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# An experiment to find how the resistance of a wire changes when the length is changed.

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Introduction

An Experiment To Find How The Resistance Of A Wire Changes When The Length Is Changed

## Aim

In this experiment we hope to see how the resistance of a wire changes when the length is changed.

## Prediction

In this experiment I predict that when the length of a wire increases the resistance will also increase. Thus length is directly proportional to the resistance.

## Hypothesis

I think my prediction is true because the equation for resistance is voltage divided by current. So the voltage and current directly affect the resistance. The resistance should be directly proportional to the length, as two 10cm wires should have the same resistance as a 20cm wire. Ohm’s law states that a current flowing through a metal conductor is directly proportional to the voltage across its ends (provided all other conditions are constant). So I know that if we add a variable – in this case length – resistance will change. I expect that the longer the wire, the higher the resistance. Electrons colliding with atoms in the wire cause resistance.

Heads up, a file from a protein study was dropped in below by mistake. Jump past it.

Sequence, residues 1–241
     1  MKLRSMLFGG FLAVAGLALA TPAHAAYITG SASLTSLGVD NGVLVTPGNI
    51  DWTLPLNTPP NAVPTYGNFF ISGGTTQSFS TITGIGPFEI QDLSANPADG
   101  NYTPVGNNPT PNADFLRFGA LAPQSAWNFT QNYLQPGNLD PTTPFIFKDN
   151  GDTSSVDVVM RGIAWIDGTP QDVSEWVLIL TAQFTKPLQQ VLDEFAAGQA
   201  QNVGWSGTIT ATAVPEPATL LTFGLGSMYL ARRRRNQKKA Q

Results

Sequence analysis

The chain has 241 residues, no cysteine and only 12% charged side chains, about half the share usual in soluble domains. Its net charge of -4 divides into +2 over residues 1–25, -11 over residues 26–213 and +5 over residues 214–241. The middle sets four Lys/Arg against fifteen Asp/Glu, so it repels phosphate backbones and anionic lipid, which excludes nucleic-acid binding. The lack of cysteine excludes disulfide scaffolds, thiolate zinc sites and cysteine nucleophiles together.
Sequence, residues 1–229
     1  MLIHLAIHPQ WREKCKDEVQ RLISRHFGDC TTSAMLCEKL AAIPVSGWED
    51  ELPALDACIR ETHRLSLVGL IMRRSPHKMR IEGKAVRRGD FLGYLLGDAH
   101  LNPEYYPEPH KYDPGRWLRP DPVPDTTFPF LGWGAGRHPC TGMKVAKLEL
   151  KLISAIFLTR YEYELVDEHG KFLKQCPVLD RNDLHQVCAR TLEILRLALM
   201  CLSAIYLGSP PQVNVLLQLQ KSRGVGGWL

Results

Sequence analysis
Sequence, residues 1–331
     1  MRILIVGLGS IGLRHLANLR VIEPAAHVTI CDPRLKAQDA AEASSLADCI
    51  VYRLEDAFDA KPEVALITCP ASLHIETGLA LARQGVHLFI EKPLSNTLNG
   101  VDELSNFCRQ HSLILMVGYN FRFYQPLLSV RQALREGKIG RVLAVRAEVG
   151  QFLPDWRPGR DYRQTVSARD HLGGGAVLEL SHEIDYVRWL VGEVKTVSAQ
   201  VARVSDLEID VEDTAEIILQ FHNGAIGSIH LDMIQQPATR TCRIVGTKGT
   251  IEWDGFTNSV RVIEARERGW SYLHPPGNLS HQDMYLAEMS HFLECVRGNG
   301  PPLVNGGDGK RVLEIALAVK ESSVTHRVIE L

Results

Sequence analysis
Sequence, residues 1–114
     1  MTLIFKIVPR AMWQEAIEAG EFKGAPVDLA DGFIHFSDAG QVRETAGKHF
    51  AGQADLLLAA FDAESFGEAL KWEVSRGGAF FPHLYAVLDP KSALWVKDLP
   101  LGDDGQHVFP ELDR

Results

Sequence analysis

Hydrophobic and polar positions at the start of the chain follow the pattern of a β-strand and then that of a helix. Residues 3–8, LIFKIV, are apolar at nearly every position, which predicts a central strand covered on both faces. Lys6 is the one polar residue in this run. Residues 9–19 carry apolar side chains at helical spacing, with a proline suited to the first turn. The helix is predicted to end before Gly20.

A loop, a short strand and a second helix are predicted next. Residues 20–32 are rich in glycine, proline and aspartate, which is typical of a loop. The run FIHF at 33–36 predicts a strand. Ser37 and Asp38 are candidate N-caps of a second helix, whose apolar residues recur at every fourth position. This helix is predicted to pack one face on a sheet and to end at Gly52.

Middle

Resistance R (Ohms)

Second Current

I (A)

Second Voltage

V (V)

Resistance

R (Ohms)

5cm

0.27

0.23

0.85

0.26

0.19

0.73

15cm

0.26

0.56

2.15

0.25

0.56

2.24

25cm

0.24

0.86

3.58

0.23

0.89

3.87

35cm

0.22

1.14

5.18

0.21

1.17

5.57

45cm

0.21

1.38

6.57

0.20

1.40

7

55cm

0.19

1.60

8.42

0.19

1.61

8.47

Conclusion

To gather more relevant evidence we could have done the experiment with a different metal just to see if the resistance still went up when the length was increased. The resistance would change in this new wire depending on how many atoms were in the wire. Also we could have changed the width of the wire and I think that as the width of the wire got larger the resistance would decrease, as there would do more room for the electrons to move.

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